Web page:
The tenor horn is only really used in brass bands; brass band based chamber ensembles or wind bands and is pitched in E flat. The instrument is slightly lower in pitch than the cornet or trumpet and can have a mellow sound. The tenor horn will normally only have three piston valves. Although this instrument can play in a similar range to the French horn, it is not always easy to swap between the two different instruments.
The French horn is used in chamber groups (such as the brass quintet or woodwind quintet) and the orchestra. This instrument uses rotary valves and will often have four of them that are played using the left hand. The players’ right hand sits in the bell of the instrument and can be used for muting or adapting the sound the instrument makes. The French horn is a very versatile instrument and it has a very long cylindrical tube with a small funnel shaped mouthpiece. It is often said that the French horn is the most difficult brass instrument to play, but I fundamentally disagree with this. Due to the way that it is made, some of the pitches of the notes may feel closer together than on any of the other brass instruments, but with good teaching and time spent developing listening skills, this poses no real additional difficulties than any other instrument.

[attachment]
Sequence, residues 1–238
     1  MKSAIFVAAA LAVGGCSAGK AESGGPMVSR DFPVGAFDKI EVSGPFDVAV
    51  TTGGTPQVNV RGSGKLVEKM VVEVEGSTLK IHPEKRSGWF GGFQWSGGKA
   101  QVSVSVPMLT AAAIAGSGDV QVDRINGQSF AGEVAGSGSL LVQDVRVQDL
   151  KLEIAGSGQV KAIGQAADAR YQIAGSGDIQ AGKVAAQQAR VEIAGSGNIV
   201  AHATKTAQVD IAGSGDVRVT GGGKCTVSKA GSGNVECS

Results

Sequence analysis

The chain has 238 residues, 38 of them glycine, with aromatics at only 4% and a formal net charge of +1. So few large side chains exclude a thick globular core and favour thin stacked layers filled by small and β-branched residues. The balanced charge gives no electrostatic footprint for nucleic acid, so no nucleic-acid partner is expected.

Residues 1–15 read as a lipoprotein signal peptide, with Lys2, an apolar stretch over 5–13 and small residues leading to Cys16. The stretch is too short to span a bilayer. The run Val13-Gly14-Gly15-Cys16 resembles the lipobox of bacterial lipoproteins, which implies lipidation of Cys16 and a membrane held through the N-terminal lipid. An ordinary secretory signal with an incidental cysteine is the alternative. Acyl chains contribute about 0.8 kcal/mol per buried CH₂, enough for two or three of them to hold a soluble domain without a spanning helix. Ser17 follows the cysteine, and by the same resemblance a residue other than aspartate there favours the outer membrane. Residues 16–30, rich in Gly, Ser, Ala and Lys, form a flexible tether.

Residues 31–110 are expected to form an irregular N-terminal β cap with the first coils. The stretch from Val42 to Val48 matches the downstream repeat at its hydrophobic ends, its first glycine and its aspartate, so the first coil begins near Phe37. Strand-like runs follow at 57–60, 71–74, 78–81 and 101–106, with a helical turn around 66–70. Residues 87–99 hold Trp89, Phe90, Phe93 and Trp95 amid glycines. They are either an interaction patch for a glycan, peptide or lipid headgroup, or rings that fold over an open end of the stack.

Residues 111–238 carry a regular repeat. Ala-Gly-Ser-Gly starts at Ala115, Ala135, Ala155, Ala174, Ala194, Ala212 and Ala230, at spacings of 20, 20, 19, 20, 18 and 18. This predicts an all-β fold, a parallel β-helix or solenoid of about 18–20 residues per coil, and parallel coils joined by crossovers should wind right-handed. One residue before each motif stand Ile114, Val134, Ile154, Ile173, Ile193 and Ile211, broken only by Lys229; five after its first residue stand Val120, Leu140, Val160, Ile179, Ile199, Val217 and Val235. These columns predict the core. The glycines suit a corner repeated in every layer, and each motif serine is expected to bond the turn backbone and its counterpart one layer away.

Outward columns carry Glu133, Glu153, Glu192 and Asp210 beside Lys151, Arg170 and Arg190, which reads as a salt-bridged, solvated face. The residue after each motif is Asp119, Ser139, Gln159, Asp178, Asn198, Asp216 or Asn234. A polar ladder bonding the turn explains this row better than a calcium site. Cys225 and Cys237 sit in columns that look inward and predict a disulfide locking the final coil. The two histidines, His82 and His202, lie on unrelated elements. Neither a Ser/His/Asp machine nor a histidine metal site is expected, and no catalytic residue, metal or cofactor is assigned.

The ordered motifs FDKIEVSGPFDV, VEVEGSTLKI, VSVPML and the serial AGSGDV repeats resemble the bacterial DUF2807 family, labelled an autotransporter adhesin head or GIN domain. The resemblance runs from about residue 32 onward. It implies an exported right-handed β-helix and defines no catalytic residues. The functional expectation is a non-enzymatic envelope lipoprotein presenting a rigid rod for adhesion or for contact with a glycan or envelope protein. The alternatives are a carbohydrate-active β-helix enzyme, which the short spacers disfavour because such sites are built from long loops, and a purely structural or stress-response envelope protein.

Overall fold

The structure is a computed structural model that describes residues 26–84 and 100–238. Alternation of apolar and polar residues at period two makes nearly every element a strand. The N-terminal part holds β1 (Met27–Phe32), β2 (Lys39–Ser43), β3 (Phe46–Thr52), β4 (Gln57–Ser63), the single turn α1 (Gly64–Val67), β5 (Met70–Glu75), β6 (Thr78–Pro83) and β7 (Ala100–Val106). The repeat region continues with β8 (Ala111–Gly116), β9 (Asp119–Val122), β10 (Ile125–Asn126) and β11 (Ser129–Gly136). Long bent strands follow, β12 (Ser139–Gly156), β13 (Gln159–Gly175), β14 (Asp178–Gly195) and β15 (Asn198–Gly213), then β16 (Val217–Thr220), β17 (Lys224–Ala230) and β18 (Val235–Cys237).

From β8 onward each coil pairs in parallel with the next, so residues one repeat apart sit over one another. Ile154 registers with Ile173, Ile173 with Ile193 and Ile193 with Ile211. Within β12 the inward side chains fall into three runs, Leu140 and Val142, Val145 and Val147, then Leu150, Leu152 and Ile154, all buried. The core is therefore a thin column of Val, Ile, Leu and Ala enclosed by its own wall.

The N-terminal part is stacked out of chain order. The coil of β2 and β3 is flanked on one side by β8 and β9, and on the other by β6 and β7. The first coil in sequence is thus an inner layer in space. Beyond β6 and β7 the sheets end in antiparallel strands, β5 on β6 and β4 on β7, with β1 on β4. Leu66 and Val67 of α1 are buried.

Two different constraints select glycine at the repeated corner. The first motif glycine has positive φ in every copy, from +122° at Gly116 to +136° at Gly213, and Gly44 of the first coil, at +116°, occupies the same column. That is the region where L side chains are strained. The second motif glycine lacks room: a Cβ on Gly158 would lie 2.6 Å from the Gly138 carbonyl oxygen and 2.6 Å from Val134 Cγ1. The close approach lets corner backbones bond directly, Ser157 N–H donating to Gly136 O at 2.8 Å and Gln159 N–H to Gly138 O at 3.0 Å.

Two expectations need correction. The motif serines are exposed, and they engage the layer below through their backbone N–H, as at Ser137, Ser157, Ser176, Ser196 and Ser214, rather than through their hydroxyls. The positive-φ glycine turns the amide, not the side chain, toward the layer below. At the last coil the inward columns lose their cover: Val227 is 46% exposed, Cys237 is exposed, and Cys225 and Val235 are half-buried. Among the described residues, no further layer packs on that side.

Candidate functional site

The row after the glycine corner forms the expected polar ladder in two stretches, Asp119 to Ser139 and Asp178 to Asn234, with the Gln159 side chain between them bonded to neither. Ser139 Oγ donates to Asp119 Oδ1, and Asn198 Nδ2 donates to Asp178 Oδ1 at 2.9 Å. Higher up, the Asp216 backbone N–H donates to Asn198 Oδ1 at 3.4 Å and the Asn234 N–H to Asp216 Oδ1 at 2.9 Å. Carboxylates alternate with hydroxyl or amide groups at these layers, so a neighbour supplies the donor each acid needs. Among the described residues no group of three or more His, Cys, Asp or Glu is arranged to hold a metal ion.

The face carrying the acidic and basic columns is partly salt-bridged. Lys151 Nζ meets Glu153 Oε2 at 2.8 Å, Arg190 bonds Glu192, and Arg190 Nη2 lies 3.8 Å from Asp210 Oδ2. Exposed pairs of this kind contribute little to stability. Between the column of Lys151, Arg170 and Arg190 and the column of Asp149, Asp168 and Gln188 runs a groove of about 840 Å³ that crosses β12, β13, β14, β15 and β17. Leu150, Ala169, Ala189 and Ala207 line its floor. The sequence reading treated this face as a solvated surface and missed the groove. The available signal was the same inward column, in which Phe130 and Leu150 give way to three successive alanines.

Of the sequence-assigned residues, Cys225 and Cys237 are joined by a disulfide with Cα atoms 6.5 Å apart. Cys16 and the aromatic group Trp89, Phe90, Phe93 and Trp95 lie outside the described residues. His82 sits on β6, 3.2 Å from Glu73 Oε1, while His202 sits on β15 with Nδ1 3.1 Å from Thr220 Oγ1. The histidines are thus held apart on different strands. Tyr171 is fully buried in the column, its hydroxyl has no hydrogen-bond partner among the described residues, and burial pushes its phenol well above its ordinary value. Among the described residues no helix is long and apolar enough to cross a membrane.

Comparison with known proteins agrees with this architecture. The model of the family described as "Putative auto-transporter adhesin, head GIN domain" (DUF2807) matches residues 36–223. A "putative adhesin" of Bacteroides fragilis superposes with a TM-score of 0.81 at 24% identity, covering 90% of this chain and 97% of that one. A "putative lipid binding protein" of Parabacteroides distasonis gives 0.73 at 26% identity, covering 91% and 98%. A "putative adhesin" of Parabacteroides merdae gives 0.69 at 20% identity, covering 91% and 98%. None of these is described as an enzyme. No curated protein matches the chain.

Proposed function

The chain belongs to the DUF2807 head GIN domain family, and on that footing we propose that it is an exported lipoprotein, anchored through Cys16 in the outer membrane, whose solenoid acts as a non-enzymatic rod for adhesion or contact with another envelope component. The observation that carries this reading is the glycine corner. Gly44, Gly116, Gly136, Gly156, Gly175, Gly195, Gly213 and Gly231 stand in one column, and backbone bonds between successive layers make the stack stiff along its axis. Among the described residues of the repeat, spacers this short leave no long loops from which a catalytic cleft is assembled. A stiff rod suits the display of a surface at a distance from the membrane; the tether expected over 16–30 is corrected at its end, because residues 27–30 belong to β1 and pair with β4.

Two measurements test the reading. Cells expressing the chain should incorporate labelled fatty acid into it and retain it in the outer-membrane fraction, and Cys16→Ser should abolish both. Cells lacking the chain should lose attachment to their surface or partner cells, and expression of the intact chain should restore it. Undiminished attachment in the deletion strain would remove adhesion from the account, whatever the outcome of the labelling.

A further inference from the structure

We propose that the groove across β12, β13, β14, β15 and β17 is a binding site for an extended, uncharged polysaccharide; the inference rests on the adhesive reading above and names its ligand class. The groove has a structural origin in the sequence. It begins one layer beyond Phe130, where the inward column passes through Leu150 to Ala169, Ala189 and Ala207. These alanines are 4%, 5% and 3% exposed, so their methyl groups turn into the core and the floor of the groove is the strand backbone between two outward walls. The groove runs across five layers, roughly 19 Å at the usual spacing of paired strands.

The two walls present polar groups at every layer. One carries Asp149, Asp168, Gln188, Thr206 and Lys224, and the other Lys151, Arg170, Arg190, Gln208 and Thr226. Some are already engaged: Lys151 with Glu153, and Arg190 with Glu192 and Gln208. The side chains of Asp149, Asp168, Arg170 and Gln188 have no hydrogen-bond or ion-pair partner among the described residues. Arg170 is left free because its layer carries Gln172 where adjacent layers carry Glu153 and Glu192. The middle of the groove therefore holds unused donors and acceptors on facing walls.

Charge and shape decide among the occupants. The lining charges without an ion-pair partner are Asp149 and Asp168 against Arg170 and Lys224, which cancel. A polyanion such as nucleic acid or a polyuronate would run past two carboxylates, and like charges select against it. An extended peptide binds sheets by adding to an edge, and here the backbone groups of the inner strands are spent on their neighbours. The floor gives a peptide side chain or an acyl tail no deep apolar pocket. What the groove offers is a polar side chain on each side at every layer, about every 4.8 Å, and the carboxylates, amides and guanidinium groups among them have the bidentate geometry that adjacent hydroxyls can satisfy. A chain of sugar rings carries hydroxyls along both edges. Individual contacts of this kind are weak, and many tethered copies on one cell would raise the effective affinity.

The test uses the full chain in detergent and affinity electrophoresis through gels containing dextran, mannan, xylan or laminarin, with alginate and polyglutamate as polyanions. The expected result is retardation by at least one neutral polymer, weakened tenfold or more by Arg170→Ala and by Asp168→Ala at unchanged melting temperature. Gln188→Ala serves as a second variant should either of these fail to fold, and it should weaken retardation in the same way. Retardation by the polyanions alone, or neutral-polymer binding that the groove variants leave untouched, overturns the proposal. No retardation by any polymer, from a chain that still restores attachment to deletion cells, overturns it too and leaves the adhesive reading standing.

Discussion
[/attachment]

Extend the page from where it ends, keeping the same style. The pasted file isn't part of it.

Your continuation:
The baritone is very similar to the euphonium and the student instruments normally have three valves. The instrument is pitched in B flat and is used mainly in brass bands and wind bands. Mid range and professional instruments will sometimes include a fourth valve and this will help to extend the lower range of the instrument as well as assisting with better intonation (or fine tuning of individual notes).
The euphonium is pitched in B flat and works in a similar range to the baritone. It is used in brass bands; wind bands and is a popular instrument for soloists. Cheaper euphoniums can often have three valves, but if you are learning to play this instrument it is worth looking in to buying an instrument with four valves. Euphoniums in the UK are normally made using the compensating system (3 valves played with one hand and the fourth played by the other hand), although it is possible to get a four-valve euphonium with 4 in-line valves. These models are not usually made with the compensating system and although they may produce a richer and warmer sound, there may well be more issues with intonation. For the beginner player I would advise getting a compensating euphonium initially.